Skip to Content

Hemolytic Anemia


Hemolytic anemia

is a condition that causes your red blood cells to die sooner than normal. Your bone marrow cannot make new red blood cells fast enough to replace the cells that have died. Hemolytic anemia can be a short-term or long-term problem.

Common signs and symptoms of hemolytic anemia:

  • Feeling tired and weak
  • Dizziness or trouble thinking clearly
  • Unusual shortness of breath when you exercise
  • A faster heartbeat than usual
  • Pale skin
  • Yellow skin and eyes, and dark urine

Call 911 if:

  • You have chest pain.

Seek care immediately if:

  • You have shortness of breath, even when you rest.
  • You have trouble thinking clearly.

Contact your healthcare provider if:

  • You have a fever, muscle aches, a cough, or sore throat.
  • You have signs of infection, such as redness, pain, or swelling in any part of your body.
  • Your skin is itchy, swollen, or has a rash. Your medicine may be causing these symptoms.
  • You have blood in your urine.
  • You are dizzy or more tired than usual.
  • You have questions or concerns about your condition or care.


will depend on what caused your hemolytic anemia. You may need any of the following:

  • Medicines may be given to help trigger your bone marrow to start making new red blood cells, white blood cells, and platelets. Platelets are the sticky part of your blood that helps form clots to stop bleeding. You may also need medicines to help prevent your body from attacking its own bone marrow. This may help the bone marrow make more blood cells.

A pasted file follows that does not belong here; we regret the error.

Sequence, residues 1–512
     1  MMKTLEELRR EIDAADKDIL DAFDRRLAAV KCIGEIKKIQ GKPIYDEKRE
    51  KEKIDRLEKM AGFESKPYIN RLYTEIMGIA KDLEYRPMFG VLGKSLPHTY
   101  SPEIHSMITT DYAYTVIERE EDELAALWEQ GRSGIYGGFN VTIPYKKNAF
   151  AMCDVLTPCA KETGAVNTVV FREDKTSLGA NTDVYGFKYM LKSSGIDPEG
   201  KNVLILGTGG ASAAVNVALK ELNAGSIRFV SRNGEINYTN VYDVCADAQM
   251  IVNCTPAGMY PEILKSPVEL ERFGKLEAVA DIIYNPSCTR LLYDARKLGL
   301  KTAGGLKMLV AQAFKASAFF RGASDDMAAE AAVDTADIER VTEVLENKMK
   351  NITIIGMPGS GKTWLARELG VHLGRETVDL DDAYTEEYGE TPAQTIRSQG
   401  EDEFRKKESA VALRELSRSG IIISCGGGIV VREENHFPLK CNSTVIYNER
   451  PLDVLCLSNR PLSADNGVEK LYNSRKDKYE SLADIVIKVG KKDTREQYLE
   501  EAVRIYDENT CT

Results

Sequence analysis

• A blood transfusion may be needed to replace blood you have lost. You may need more than one transfusion.
  • Surgery may be used remove your spleen if it gets too large. Your spleen may get larger as it works harder to remove broken down red blood cells. As the spleen gets larger, even more cells are broken down.


  • Rest as much as possible. Hemolytic anemia can cause you to feel more tired than usual.
  • Eat a variety of healthy foods. This may help you have more energy and heal faster. Healthy foods include fruit, vegetables, whole-grain breads, low-fat dairy products, beans, lean meat, and fish. Ask your healthcare provider if you need to be on a special diet.
  • Drink liquids as directed. Ask your healthcare provider how much liquid to drink and which liquids are best for you. For most people, good liquids are water, juice, and milk.
  • Exercise as directed. Talk to your healthcare provider about the best exercise plan for you. Exercise can decrease your blood pressure and improve your health.

Follow up with your healthcare provider as directed:

Write down your questions so you remember to ask them during your visits.

© 2016 Truven Health Analytics Inc. Information is for End User's use only and may not be sold, redistributed or otherwise used for commercial purposes. All illustrations and images included in CareNotes® are the copyrighted property of A.D.A.M., Inc. or Truven Health Analytics.

The above information is an educational aid only. It is not intended as medical advice for individual conditions or treatments. Talk to your doctor, nurse or pharmacist before following any medical regimen to see if it is safe and effective for you.